Presbyopia is a common condition that makes vision difficult at a normal reading distance. It is not a disease.
Close tasks such as reading and sewing become difficult, particularly in poor light. For example, you may find that you are holding your newspaper further away from your eyes to make the print clearer. Presbyopia does not affect distance vision. You may also have difficulty concentrating when reading or you may find periods of close work result in sore eyes, headaches or tiredness.
It is important to understand how your eyes change their focus for viewing close objects. Normally they are focused for distance vision. Inside the eye there is a lens about the size of a pea. To focus on close objects, a special muscle in the eye changes the shape of the lens. This process is called accommodation.
With age the lens loses its flexibility and is less able to change its shape. This is completely normal ageing change, just like stiffening of joints or greying hair. The loss in lens flexibility is the reason that close focusing becomes more difficult.
Everyone experiences the ageing process that causes presbyopia. The condition cannot be prevented.
No. Presbyopia is usually first noticed around the age of 40 to 45 years. Although difficulties with close work may seem to come on suddenly, the ageing process that causes presbyopia is gradual and has been going on since childhood. Between the ages of 45 and 65, the amount of presbyopia increases, making near work more difficult. From 65 onwards, there are unlikely to be any further significant changes to vision due to presbyopia.
Presbyopia is corrected by a spectacle prescription designed especially for close distances, in the form of spectacles or contact lenses. It is important that the prescription is calculated for the distance at which you do your close tasks. It is not possible to treat presbyopia by surgery.
Through discussion with your optometrist, you will be able to decide on the best way of preparing your prescription. The correction for presbyopia will make near objects clear but distant objects blurry. This means that if you have a pair of spectacles just for reading, you will not be able to watch television while wearing them.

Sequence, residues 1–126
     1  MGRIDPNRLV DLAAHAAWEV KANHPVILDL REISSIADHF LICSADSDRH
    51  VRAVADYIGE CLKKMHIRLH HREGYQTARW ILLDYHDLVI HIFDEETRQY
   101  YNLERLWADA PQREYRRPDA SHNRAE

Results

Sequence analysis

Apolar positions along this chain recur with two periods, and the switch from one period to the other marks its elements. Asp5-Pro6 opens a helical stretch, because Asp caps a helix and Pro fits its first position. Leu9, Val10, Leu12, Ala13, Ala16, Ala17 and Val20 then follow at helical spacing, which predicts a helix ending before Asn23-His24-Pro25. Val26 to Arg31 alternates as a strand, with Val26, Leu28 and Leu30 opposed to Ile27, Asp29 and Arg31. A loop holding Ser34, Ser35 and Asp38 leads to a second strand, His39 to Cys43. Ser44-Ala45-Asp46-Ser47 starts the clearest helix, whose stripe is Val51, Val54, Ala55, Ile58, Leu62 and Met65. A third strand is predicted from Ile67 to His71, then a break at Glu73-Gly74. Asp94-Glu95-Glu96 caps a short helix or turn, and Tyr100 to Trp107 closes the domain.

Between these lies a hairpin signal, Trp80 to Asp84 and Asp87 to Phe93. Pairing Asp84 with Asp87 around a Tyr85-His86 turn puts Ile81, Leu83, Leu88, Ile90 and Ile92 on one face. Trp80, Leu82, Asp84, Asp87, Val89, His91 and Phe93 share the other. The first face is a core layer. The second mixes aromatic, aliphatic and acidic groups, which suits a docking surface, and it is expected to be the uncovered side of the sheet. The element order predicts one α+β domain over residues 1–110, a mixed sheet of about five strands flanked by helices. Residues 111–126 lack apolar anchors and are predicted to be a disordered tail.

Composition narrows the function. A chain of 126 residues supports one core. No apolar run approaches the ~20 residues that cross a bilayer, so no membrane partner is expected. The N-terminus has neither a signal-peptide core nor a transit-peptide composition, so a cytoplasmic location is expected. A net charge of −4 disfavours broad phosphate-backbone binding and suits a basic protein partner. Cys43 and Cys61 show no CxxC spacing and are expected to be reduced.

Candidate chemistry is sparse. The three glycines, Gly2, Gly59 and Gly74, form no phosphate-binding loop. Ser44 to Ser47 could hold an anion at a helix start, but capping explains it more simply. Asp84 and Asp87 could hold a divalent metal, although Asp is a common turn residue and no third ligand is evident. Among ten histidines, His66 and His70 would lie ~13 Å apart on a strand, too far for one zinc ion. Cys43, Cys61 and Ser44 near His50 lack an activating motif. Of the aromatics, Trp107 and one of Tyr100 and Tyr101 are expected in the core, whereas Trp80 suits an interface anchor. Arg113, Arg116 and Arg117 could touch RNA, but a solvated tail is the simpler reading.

Having a different prescription for distance and reading can be a nuisance, especially if you have to change spectacles all the time. One way around the problem is the use of bifocals. These are special lenses that have a prescription for the distance vision on the top half of the lens and the prescription for the near vision (reading) in the lower half. Another form of spectacles used to correct presbyopia are "look-over's" or half glasses. Other options include the use of trifocals, progressive's lenses and some special contact lens prescriptions.
No. Although you're close focusing system is not functioning as well as it used to, once presbyopia has been corrected with spectacles you will be able to see close things as well as you always did. Presbyopia does not represent a threat to your eyes' health.
Between the ages of 45 and 65 years, your prescription is likely to change significantly. It is sensible to have your eyes examined every two or three years to review your correction and your general eye health. If you experience vision problems within two or three years of your previous examination, you should make a review appointment with your optometrist. Your optometrist will advise you of the most appropriate period between consultations.
No. Presbyopia will continue regardless of whether spectacles are worn. Wearing spectacles will not accelerate or slow the development of presbyopia.